Qantum - Les Temps Oubliés

(CD 2009, 46:18, Musea FGBG 4838)

The tracks:
  1- Images d'enfance(03:51)
  2- Le voyage de l'espoir(06:31)
  3- Errance(05:04)
  4- Milena(05:40)
  5- Féérique utopie(07:04)
  6- Court terme(02:58)
  7- le temps des mages(04:10)
  8- Présage(07:36)
  9- Impressions fugaces(02:45)

Qantum Website        samples        Musea Records

Sometimes the meeting of musicians from two bands can result in a fantastic new act. This happened to the musicians from Ultime Atome and Lapsus Linguae. Those two bands from the present French progressive rock scene joined forces and started Qantum. Right from the start you hear on Les Temps Oubliés that the band was very much influenced by the older prog acts from France. Bands such as Ange and Mona Lisa came to mind. But that’s not so strange for a band that sings in their native language. On the first track Images D’Efance and several other pieces, I did also hear some traces which could have been taken from another band that was famous in the seventies in France. The Strands Of The Future from Pulsar could have been in the CD collection of keyboard player Franck Foussard and guitarist Thierry Locatelli. A lot of guitar and string synthesizer parts reminded me of the afformentioned album. The neo prog music produced by Qantum has also a link to the first albums made by Marillion. The musicians mentioned above play in a similar way as Mark Kelly and Steve Rothery and lead singer Jean-Marc Tesorio moves towards the same style of singing as Fish did on Script For A Jester’s Tear or Fugazi. The only difference is that he does not sing in the English language. Les Temps Des Mages could have been taken from an album by Steve Hackett on which he only played the acoustic guitar. The last track on the album Impressions Fugaces can be seen as an instrumental tribute to Rick Wakeman. The last name that I will mention is Pink Floyd. From time to time I did hear David Gilmour in the fantastic melodic guitar solos. They are of a very high level on this release. Anybody who enjoys neo progressive rock music and does not mind that the lead vocals are done in the French language can enjoy this first album from Qantum a lot.   This should be discovered.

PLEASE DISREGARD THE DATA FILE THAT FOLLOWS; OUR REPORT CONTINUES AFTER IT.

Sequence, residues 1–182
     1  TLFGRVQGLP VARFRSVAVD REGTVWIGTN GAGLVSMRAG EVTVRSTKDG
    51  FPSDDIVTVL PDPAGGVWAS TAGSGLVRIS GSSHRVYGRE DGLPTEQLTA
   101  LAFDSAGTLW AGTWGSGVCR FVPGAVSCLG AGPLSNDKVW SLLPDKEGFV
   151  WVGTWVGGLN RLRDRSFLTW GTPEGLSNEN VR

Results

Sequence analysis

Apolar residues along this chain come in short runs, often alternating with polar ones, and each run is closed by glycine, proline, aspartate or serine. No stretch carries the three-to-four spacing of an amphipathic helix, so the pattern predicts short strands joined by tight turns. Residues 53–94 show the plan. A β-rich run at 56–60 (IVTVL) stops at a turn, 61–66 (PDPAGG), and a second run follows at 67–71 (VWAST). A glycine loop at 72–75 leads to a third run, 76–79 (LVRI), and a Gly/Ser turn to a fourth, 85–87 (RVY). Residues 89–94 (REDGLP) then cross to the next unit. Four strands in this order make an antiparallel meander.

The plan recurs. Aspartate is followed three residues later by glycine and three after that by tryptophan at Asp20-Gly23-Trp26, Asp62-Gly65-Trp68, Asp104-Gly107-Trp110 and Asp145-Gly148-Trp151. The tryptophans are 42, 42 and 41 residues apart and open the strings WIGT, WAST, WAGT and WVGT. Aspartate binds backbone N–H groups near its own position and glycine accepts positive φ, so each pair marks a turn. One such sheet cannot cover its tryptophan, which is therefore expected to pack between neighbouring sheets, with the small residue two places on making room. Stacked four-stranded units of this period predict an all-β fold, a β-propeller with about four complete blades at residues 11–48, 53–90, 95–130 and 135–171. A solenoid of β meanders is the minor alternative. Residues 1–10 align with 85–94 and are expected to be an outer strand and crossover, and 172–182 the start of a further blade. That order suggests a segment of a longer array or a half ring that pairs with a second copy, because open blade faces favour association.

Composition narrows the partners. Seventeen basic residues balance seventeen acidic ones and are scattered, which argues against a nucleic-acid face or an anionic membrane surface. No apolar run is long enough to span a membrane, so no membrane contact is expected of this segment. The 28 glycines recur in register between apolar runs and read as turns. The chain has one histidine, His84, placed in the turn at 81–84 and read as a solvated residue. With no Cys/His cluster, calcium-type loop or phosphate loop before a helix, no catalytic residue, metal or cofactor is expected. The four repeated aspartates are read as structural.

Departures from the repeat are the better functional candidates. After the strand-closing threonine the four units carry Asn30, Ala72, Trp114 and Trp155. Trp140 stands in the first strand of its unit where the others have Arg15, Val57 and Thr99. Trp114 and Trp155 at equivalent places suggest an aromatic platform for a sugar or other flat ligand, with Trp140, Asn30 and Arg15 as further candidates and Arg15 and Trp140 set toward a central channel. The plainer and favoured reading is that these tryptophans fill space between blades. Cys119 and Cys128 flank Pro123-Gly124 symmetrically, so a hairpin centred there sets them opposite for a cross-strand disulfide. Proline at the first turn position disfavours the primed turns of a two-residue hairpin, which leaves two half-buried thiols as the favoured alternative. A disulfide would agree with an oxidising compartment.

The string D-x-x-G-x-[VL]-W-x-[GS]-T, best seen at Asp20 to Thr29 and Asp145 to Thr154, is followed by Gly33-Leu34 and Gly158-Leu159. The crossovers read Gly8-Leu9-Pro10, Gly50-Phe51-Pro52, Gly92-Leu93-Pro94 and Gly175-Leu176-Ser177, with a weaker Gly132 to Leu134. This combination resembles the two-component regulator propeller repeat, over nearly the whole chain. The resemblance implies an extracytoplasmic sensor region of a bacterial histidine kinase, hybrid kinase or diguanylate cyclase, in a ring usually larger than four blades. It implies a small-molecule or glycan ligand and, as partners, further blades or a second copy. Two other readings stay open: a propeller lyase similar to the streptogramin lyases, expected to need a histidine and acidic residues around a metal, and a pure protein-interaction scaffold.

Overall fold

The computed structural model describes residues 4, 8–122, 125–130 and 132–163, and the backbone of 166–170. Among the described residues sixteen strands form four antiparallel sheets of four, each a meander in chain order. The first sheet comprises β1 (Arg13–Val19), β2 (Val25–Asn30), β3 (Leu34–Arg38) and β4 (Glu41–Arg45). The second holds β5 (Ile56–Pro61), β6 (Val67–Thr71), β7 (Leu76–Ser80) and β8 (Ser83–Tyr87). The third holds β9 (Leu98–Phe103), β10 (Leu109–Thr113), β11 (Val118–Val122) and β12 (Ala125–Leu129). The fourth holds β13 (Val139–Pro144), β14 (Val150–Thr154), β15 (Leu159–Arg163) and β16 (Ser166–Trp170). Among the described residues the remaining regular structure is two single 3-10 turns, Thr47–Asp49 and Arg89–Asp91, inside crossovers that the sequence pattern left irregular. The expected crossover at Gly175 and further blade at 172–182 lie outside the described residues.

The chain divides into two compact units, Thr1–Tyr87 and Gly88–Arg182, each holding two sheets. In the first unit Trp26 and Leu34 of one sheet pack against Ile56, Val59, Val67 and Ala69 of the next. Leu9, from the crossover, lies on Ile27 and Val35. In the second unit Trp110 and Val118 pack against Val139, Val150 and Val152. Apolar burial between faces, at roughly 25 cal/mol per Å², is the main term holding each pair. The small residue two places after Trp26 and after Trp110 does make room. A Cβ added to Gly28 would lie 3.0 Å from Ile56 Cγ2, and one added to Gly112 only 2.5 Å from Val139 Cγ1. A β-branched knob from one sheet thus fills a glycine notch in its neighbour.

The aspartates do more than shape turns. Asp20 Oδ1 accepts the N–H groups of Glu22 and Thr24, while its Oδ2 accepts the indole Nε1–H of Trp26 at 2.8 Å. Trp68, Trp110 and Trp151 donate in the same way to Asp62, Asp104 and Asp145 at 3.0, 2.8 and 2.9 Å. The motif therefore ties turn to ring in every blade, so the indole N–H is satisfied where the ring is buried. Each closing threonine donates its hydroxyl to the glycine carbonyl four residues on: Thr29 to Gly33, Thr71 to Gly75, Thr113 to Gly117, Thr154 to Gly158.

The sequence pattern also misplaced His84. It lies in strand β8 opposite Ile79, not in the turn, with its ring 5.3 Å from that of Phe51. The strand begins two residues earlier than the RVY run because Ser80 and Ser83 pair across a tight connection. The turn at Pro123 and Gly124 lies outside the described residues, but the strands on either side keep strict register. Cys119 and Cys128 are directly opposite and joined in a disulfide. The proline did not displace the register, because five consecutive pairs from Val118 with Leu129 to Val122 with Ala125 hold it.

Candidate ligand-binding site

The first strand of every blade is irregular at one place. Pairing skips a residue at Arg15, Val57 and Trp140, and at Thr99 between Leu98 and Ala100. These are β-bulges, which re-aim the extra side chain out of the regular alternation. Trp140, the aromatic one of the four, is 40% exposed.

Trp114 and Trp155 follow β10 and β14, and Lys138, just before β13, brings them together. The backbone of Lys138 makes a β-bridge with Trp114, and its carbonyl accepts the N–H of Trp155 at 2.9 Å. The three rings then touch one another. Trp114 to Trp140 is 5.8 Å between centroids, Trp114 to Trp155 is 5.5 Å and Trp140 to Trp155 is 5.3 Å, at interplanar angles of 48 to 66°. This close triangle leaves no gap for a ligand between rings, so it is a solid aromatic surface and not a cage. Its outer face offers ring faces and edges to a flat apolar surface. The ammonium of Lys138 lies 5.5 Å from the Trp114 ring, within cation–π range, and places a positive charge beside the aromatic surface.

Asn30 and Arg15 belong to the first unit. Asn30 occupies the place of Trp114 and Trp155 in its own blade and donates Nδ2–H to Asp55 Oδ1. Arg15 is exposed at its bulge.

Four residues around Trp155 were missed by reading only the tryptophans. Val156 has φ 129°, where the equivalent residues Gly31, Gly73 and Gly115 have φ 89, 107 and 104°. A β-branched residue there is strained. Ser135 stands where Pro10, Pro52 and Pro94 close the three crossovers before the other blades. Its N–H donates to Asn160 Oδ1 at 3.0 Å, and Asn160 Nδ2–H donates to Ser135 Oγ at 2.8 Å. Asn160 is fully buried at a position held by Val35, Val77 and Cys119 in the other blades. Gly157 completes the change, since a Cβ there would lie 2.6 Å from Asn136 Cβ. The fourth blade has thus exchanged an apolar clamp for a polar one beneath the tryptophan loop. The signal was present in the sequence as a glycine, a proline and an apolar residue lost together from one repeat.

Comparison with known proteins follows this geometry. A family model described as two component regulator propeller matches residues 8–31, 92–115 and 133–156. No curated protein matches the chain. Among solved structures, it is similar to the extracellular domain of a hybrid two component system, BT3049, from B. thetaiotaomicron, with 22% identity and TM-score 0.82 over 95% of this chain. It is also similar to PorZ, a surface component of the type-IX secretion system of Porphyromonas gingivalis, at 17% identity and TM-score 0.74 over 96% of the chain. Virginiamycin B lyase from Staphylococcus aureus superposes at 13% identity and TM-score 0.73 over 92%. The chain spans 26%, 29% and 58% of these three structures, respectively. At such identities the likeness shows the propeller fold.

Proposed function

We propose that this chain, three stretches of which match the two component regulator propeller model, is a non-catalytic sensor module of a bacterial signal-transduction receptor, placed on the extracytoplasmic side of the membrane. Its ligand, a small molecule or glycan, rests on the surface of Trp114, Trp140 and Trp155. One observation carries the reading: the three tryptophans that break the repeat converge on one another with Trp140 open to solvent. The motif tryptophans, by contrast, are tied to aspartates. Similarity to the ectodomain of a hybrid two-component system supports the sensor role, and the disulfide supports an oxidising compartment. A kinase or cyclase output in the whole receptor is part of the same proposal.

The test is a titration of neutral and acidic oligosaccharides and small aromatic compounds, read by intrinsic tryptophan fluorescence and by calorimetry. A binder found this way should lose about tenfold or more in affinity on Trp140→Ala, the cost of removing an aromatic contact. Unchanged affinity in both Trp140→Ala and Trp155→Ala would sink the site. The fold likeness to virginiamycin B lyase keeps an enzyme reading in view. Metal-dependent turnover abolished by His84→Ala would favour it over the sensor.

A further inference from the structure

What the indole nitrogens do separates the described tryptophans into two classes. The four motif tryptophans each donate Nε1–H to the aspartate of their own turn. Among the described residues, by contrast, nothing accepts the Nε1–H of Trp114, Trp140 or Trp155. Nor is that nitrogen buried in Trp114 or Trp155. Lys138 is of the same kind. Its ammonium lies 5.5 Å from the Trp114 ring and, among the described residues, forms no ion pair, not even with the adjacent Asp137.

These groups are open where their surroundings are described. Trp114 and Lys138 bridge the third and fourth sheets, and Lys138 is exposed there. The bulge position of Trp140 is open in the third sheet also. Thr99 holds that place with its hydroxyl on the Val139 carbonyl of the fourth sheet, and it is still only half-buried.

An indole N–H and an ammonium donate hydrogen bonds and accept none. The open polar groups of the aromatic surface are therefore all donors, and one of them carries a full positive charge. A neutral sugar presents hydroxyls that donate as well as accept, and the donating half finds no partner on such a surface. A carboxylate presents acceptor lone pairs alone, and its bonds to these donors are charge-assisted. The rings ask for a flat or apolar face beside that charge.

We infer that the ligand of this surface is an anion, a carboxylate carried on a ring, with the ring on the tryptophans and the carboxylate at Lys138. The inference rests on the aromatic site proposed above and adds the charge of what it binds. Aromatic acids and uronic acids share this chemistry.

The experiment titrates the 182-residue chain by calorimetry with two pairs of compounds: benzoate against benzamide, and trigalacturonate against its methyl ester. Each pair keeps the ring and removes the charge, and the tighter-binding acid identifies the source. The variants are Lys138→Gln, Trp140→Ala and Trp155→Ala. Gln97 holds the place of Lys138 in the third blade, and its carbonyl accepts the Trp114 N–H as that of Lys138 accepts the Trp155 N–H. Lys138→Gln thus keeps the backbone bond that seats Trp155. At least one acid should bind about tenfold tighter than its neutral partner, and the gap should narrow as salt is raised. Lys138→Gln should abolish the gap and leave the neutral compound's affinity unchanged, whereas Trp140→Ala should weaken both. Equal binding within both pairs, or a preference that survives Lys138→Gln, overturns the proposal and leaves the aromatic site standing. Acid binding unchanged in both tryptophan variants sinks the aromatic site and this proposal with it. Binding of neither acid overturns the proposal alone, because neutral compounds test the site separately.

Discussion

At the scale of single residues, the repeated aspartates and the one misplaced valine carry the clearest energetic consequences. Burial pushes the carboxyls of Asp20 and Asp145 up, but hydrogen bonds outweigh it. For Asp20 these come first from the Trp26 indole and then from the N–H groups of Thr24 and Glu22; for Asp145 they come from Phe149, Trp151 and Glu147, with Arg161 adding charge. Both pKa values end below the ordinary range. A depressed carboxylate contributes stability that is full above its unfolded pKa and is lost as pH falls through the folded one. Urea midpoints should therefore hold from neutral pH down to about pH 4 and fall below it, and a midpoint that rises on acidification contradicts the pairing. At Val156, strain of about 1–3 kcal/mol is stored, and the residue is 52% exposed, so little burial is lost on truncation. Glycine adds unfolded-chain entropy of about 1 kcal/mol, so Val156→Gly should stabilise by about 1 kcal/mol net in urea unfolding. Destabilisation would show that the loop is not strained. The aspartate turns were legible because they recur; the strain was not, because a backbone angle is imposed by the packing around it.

**** Henri Strik (edited by Robert James Pashman)

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